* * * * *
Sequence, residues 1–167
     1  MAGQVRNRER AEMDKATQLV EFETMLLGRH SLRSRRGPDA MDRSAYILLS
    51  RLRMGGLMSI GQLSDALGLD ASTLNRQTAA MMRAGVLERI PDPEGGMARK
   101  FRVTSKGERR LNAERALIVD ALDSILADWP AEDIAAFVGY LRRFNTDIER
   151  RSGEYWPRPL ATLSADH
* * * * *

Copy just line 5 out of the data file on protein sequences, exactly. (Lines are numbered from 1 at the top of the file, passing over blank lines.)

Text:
   151  RSGEYWPRPL ATLSADH